[¶ 12] There is a fundamental distinction between the provisions enacted in Washington and New York and North Dakota’s Child Support Guidelines. Washington and New York created mandatory-minimum monthly payment amounts that could not be rebutted by any obligor in any situation. In contrast, North Dakota created rebuttable guidelines that are defined and limited in certain respects. This is not a distinction without a difference. Logically, a child support obligor cannot automatically be allowed, in every circumstance, to rebut his obligation simply by demonstrating an inability to pay. Rather, as provided in the Child Support Guidelines, there must be standards for rebuttal. Although, because of a change in the Guidelines, the “voluntariness of an obligor’s change in financial circumstances does not carry the relevancy it once did in modifying a child support obligation,” Surerus v. Matuska, 548 N.W.2d at 387 (internal quotations omitted), if, for example, an obligor chooses to buy a “toy,” gamble his livelihood away, or fraudulently transfer his assets rather than meet his obligations, one would not seriously expect the courts to ignore, much less reward, such self-inflicted harm. The result is no different when an obligor enters prison by voluntarily violating the law. To be sure, any of these situations might make it difficult or even impossible to satisfy a child support obligation. Nonetheless, an obligor’s errors do not justify punishing the obligor’s innocent children. See N.D. Admin. Code § 75-02-04.1-09(2) (discussing best interests of the supported children); 45 C.F.R. § 302.56(g) (state criteria for rebuttal must take into consideration best interests of child).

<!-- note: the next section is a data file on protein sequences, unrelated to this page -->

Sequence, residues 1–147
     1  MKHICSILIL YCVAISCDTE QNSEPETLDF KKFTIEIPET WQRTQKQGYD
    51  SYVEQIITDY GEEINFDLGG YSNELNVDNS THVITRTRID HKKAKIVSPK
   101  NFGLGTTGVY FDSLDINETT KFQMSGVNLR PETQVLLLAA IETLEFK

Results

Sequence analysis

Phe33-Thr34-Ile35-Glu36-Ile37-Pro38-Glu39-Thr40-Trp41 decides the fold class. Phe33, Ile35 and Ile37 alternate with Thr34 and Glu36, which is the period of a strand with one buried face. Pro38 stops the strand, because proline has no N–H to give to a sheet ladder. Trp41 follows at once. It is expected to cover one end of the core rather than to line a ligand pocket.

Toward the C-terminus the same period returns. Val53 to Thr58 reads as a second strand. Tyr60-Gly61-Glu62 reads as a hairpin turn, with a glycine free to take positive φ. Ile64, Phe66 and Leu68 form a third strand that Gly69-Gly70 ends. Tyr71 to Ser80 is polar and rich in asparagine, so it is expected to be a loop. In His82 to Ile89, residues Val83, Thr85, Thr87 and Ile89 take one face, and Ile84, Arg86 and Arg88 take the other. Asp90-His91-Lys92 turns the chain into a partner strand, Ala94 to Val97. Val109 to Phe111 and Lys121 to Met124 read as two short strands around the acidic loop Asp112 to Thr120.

[¶ 13] Our conclusion balances the interests of the child with the current, temporary inability to pay that “recognizes the reduced income of the obligor as a result of incarceration but does not totally relieve the obligor of child support payments as a result of that incarceration.” Surerus v. Matuska, 548 N.W.2d at 389 (VandeWalle, C.J., concurring). Nor does the conclusion result in the obligor released from prison with an arrearage in child support so large that it is inconceivable the obligor will be able to earn enough to pay it. Id.
[¶ 14] We believe this is why the federal provisions referenced above give States the authority to establish the criteria for rebuttal and emphasize that rebuttal is only necessary where the presumptively correct award would be “unjust or inappropriate.”42 U.S.C. § 667(b)(2); 45 C.F.R. § 302.56(g). The equitable principles underlying this result appear not only in federal law, but have been highlighted in our previous decisions as well See, e.g., Koch v. Williams, 456 N.W.2d 299, 301-02 (N.D. 1990).
[¶ 15] Therefore, our Child Support Guidelines have determined that, as a matter of law, financial hardship brought about by incarceration is not a situation in which an award of the presumptively correct amount of child support is “unjust or inappropriate.” To the extent Interest of R.H., 2004 ND 170, ¶11, 686 N.W.2d 107, implies that incarcerated obligors can refute a presumptively correct, minimum-wage-based child support award by simply demonstrating an immediate inability to pay, R.H. is hereby explained. This result is not foreclosed by federal law, but, rather, is specifically permitted to be made “under criteria established by the State.”
II. [¶ 16] We have reviewed Stoppleworth’s other arguments, namely, that his
obligation poses an undue hardship and that his incarceration is analogous to a disability that precludes gainful employment, and we find these arguments to be without merit.
[¶ 17] We affirm the district court’s order.
[¶ 18] CAROL RONNING KAPSNER, MARY MUEHLEN MARING, and DALE V. SANDSTROM, JJ., concur.
[¶ 19] The Honorable WILLIAM A. NEUMANN, a member of the Court when this case was heard, resigned effective March 14, 2005, and did not participate in this decision.